BBC BLOGS - West Country Cash

Archives for May 2010

'One key fits all' tractor policy blamed for countryside crime wave

Dave Harvey | 14:57 UK time, Friday, 28 May 2010


Farmers always have something to moan about. At least, that's how it often looks to townies. Too wet, too dry, too many regulations, not enough regulations for foreigners, you name it.

But here's something they really are the victims of: Crime.

A rather particular agricultural crime, in fact. Tractor theft, as you can imagine, hits farmers much more than the rest of us. And last year, £1m of farm vehicles were stolen from South West Farms, according to the insurers' group, the National Plant & Equipment Register (TER).

"It's extremely frustrating," says Rob Canvin, who farms near Somerton, in Somerset, and has lost three vehicles in the last month.

"If a member of the public had his Ferrari nicked, he'd be furious - but these vehicles cost more than that, and it's really really annoying."

The extraordinary thing is, the manufacturers seem to make life easy for country crooks. When you buy any new car these days, alarms and immobilisers are standard. Yet on most tractors and farm vehicles, even a unique key is asking too much.

Yes that's right. All Massey Fergusson tractors have the same key , except the company's 4400 series. All John Deeres have the same ignition key, as do JCB vehicles.

"I've got a key in my pocket that will start every vehicle behind me," claims Nick Mayell.

Fortunately for West Country farmers, Mr Mayell is an investigator, not a thief. He is, in fact, the only full time investigator for the TER, based in Bath. He is, if you like, 'Nipper of the Farmyard'.

He shows us how easily a big digger he's recently recovered can be stolen. It is so simple, I'm not allowed to show TV viewers or this article will turn into a "how to steal a tractor" film.

Most of the major manufacturers confirmed to us that universal keys have been their policy up to now, although several are reviewing this after thefts increased so much recently. Fendt is the first tractor maker to go down the route of unique micro-chipped keys.

"It's very serious crime," says Mr Mayell, "this machine new would cost about £55 -60,000 - if you were caught with £55,000 worth of drugs, you go to prison for a long time - people get caught with this, and usually it's just a slap on the wrist".

The vehicles end up all over the world, sometimes traded for cash to poor farmers in Kurdistan or Iraq, often exchanged for drugs in the Middle East. You'd think it would be tricky to drive a huge farm tractor or digger onto a ferry unnoticed, but Mr Mayell says the police have, quite literally, been told to look the other way.

"Police Force priorities dictate that they're checking what's coming in, so what goes out is not so much of a priority."

The Police are cracking down on agricultural crime, Avon & Somerset Police recently launched Farm Watch - designed to get farmers talking to each other about theft - sharing crucial clues.
But until the manufacturers decide to fit unique keys to each vehicle, many farmers like Rob Canvin feel they might as well leave their barn doors wide open at night.

I'll be reporting live for BBC Points West from the Royal Bath & West Show from Wed 2 June until Friday. If you've got a story from the countryside, come and find us at the BBC Somerset Bus, near the Village Green, or get me on twitter.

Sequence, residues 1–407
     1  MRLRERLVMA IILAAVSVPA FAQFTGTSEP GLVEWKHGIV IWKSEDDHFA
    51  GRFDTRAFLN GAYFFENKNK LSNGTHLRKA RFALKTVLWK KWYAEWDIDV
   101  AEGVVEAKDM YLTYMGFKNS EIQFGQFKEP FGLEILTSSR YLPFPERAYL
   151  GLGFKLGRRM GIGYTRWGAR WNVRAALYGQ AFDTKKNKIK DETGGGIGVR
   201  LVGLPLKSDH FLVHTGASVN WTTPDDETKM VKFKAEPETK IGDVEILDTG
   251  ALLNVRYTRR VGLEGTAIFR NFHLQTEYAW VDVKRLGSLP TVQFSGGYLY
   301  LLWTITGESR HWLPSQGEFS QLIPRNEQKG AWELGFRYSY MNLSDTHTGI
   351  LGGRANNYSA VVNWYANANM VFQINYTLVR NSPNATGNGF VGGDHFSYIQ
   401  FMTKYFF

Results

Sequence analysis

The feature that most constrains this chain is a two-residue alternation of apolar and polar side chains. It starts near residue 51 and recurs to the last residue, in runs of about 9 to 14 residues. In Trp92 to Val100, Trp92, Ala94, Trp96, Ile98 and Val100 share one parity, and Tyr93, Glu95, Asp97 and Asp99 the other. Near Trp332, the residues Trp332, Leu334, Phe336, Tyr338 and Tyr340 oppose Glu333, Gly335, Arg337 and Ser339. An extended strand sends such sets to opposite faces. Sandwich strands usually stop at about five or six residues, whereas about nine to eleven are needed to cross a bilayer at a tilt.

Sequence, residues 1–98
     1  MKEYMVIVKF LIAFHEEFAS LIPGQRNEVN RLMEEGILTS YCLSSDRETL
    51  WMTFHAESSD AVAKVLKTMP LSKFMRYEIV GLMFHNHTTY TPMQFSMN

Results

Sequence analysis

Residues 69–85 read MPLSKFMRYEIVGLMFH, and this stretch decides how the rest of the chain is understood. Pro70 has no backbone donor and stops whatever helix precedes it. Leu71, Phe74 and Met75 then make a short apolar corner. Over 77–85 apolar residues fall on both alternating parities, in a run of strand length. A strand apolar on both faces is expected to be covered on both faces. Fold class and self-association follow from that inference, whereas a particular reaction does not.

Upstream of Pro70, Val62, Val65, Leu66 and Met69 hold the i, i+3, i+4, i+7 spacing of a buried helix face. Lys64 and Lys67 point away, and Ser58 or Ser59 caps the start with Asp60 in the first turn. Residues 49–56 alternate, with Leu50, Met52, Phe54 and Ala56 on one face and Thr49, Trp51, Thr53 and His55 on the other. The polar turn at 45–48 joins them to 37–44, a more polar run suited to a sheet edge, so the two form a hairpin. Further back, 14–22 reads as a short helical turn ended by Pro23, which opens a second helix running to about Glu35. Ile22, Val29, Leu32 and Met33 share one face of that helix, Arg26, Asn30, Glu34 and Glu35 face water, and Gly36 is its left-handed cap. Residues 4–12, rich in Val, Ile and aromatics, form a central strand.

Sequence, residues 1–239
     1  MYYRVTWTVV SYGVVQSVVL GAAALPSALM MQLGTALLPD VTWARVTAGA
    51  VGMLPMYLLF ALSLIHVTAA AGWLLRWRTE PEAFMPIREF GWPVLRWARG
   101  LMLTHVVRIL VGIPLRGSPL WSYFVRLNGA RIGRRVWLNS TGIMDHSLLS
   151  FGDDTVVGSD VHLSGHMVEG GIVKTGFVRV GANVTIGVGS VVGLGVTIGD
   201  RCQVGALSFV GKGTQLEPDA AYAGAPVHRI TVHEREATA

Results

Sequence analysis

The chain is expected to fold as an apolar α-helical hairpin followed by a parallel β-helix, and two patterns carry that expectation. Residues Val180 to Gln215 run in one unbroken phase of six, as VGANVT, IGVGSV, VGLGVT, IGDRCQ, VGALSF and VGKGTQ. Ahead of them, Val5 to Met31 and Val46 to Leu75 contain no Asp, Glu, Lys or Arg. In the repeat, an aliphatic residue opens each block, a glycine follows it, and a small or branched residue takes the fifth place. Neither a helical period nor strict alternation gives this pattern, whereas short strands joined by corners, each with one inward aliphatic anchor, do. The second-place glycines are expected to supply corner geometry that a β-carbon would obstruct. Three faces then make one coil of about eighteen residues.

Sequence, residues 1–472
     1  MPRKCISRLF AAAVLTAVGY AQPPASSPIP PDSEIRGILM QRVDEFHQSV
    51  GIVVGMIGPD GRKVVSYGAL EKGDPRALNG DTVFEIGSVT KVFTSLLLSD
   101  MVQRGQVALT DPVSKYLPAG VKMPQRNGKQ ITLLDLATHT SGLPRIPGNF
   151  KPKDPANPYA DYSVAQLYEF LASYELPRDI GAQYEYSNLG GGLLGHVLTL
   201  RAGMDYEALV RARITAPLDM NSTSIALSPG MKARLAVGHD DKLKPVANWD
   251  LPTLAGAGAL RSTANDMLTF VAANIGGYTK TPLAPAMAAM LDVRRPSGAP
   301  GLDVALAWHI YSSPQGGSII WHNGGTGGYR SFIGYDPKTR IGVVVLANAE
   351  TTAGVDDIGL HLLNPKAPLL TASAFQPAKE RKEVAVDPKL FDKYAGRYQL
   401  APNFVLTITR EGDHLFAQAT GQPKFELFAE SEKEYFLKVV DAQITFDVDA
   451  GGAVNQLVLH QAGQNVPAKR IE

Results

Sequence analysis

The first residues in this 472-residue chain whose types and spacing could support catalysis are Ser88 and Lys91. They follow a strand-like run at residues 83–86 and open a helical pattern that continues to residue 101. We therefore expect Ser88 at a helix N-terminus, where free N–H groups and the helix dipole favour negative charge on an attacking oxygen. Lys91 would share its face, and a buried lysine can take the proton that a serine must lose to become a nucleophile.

Bristol Airport Expansion: The Final Council Showdown

Dave Harvey | 11:47 UK time, Monday, 24 May 2010

Update : Tuesday 25 May
The Airport expansion plans have been PASSED, by a majority of councillors, the vote was 10 -2. Now the Secretary of State for planning, Eric Pickles, must give it the final all clear - or, of course, throw the whole thing out.

it looks like I'll be a Bristol Airport frequent flyer, though not from Lulsgate but to it.

So this is it.

Fourteen Councillors will meet in Weston Town Hall this afternoon, and decide whether the £150m project should be cleared for take off.

I'll be updating regularly from the meeting on twitter, so click here to get the latest.

We've been through the arguments zillions of times, and they'll do it all again today. New readers, start here.

Council officials have backed it. In March, the junior planning committee backed it.

A betting man would think a tenner on an Airport victory was easy winnings. But then, just last week, this intervention from a local doctor.

"Traffic congestion already has a major effect on many villages in North Somerset, particularly in Barrow Gurney, and I can only imagine how much worse this will be when passenger numbers are set to almost double in number."

Many would agree. Airport bosses, of course, would point to the £5m they are offering to alleviate local jams. But this is not just any old country GP. Dr Liam Fox is, of course, the MP for North Somerset, and now in the Cabinet. His qualms about the tiny roads around Lulsgate are well known here, but now he has some real power. And here's the threat:

"Given that we now have a new Government in place, and will expect any future transport policy to include regional airports, it would seem unreasonable to many of my constituents that decisions are being made on an issue of such importance based on the previous Governments Air Transport White Paper from 2003."

Is Dr Fox saying the new government will squash Bristol's plans? Certainly the Secretary of State, Eric Pickles, will have the final say. And David Cameron's government has already abandoned Labour's plans for a new runway at Heathrow.

The airport plans may have cleared customs, they may even be boarding the plane, as it were. But as any budget holidaymaker knows, you can't relax until the wheels have left the tarmac. And airport bosses won't be relaxing until they see the diggers arrive and the ink is dry.

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